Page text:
On this page, we will try to explain some of the reasons why we farm the way we farm and why we process our milk the way we do. We will explain the health benefits of drinking good milk…
Low Temperature Pasteurization:
- Why Pasteurize at all?: Pasteurization is required by State and Federal Laws. If we could, we would offer raw milk for sale. But we CAN NOT, so don’t ask. At least until there are new laws passed allowing it.
- What is Low Temperature Pasteurization?: This is the process of heating the milk up to the minimum temperature required by law. It is held at that temperature for 30 minutes.
- Minimum Temps for Milk: Whole, 2%, and Skim is 145 degrees F. Cream, Half & Half, Chocolate, Strawberry, Orange Creme, Vanilla, and Egg Nog is 155 degrees F. Buttermilk and Yogurt is 180 degrees F.
- Is Low Temp. Pasteurization healthier?: Yes, it is. You see there are all kinds of bacteria living in milk and depending on the farmer, most of the bacteria is good. When the milk is pasteurized, it kills the bacteria off. The hotter you go, the more bacteria is killed. By only heating to the minimum required temperature, we are preserving as much of the good bacteria as possible. Bacteria that our bodies need to stay healthy.
- What does ultra high temperature pasteurization do to the milk?: A lot of bigger dairies use UHT pasteurization to pasteurize their milk. What this does is kills any and all bacteria (good and bad) that is naturally in the milk. It also kills any healthy enzymes that are in the milk. This process is used mainly because it is faster and more milk can be processed in a day.
Check out www.realmilk.com/past_index.html for more in depth information on the pros and cons of the pasteurization process.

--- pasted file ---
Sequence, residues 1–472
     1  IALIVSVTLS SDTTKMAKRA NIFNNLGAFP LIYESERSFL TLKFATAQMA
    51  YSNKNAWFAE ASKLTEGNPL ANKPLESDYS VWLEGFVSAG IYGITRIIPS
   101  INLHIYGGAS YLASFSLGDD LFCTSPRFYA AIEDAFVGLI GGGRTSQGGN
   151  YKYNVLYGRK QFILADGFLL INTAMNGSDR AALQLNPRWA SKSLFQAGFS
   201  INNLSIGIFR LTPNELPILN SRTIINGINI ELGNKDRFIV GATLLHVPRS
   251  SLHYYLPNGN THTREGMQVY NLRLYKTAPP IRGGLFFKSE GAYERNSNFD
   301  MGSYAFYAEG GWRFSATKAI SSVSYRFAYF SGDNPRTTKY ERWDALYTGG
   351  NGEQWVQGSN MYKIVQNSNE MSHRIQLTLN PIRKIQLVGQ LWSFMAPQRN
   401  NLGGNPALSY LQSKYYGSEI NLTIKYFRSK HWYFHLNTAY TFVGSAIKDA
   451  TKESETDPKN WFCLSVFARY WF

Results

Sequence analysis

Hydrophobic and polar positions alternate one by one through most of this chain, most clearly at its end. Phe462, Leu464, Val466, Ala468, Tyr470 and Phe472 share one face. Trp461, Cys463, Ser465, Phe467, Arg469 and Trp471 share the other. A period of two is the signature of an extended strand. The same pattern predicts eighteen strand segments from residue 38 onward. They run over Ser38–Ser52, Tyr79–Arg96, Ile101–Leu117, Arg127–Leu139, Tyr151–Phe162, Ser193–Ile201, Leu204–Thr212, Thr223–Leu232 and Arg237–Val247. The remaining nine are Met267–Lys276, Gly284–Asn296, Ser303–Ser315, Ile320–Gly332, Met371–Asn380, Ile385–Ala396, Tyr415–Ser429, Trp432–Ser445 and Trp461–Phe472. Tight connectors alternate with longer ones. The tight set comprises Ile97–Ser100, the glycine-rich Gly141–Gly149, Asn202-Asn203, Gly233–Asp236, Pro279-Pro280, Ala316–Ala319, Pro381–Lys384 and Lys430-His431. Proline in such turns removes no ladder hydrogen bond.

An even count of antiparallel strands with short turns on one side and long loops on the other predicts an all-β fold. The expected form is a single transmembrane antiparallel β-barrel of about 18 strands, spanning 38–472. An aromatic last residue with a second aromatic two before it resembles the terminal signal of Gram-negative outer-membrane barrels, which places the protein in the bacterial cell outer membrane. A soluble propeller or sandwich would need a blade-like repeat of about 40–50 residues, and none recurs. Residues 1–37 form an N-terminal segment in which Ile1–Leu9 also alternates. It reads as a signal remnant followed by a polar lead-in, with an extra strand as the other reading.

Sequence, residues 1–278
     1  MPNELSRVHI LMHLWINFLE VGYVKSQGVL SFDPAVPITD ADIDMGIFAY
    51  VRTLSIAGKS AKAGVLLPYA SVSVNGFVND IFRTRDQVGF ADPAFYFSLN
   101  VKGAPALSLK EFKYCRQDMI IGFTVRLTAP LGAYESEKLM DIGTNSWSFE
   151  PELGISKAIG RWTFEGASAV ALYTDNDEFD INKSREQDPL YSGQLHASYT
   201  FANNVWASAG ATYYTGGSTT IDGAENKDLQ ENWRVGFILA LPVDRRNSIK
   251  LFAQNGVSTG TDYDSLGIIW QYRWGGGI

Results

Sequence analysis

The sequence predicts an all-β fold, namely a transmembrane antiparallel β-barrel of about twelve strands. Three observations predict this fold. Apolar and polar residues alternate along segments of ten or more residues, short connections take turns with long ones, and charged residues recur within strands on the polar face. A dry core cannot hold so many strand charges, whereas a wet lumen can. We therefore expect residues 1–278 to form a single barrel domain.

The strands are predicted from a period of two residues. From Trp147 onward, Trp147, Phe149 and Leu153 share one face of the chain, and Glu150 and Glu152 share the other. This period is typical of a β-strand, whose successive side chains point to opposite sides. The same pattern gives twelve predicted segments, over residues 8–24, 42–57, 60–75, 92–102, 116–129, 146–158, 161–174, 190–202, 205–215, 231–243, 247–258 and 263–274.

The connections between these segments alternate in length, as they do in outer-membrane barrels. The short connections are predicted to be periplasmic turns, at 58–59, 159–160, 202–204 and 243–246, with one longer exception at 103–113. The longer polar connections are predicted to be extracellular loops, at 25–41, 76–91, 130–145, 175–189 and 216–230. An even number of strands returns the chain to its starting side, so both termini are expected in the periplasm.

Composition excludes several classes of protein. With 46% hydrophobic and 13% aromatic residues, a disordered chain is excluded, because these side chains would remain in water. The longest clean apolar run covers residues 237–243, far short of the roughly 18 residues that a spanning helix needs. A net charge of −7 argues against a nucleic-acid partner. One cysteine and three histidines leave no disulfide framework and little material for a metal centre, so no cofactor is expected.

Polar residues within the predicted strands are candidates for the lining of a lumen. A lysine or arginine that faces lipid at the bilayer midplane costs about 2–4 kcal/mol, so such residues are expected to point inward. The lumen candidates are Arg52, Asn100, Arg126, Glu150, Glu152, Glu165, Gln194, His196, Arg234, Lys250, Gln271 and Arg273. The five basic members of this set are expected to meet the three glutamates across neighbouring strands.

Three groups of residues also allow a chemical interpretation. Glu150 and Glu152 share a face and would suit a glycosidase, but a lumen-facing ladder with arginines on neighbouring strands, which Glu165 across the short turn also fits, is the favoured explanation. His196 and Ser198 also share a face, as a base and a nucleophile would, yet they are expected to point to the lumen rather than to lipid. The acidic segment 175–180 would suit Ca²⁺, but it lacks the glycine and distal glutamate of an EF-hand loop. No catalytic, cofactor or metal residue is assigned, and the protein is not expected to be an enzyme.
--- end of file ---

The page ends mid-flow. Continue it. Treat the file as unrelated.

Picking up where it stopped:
Why we don’t Homogenize our milk:
- What is Homogenization? Homogenization is a process that takes any milk that has cream in it (2%, 1/2%, Vit D milk, etc.) and breaks down the cream particles so that they are the same size particles as the rest of the milk. This is done by forcing the milk through a series of screens at high pressure. This process keeps the milk from separating and the cream from rising to the top.
- Is Homogenized milk healthy? One word…. NO! The milk may look prettier because the cream isn’t on top but it is far from healthy. You see, when you drink Non-Homogenized (when the cream is left in its natural state) your body can digest the cream and use the fat which is in cream for energy and the nutrients that your body needs. Now, on the other hand, when you drink Homogenized milk (when the cream is broken down) your body can not digest the cream in this unnatural state and the fat that is still in the cream gets absorbed into your stomach lining and goes straight into your blood stream. Which of coarse deposits itself in your arteries.
- Has this been proven? Yes, by many doctors. But of course this is argued as wrong by many other doctors as well. Please check out this link: http://www.realmilk.com/homogenization.html
Why we don’t use Antibiotics:
- We don’t use any Antibiotics because we know that no matter what you give a cow, it will come out in the milk. The same is true for mothers that breast feed their children. If the mother takes medication for a headache, her child will receive the same medication through the breast milk. Is that good for the child? I think not.
- When farmers treat a sick cow with an antibiotic there is a 3 day period where that cows’ milk must be dumped out (high levels of the antibiotic). But after the 3 days, the treated cows milk can be shipped to the milk company.
- Roughly 15 – 20 years ago we did use antibiotics, this was before we started to learn about alternate ways to raise and treat our cows. We treated a cow with an antibiotic and just to see how long it stays in the cows system, we took samples of that cows milk and had it tested…
- At 3 days after given the antibiotic, the antibiotic level was over the legal limit;
- At 7 days after given the antibiotic, the antibiotic level was over the legal limit;
- At 14 days after given the antibiotic, the antibiotic level was over the legal limit;
- At 21 days after given the antibiotic, the antibiotic level was over the legal limit;
- At 30 days after given the antibiotic, there were still trace amounts of the antibiotic.
- I am sure that if we would have taken that cows milk and dumped it in with all the milk from our 37 other cows, that it would have diluted it enough to pass any drug test. And this is what is happening at farms everywhere.
- Now knowing how long an antibiotic can show up in the milk and knowing that it gets “watered down” with the rest of the herds’ milk so that it will pass the drug tests… Do you really believe that the milk you see on the store shelves are antibiotic free? Or that the antibiotic levels are merely below the minimum levels set by State and Federal Law?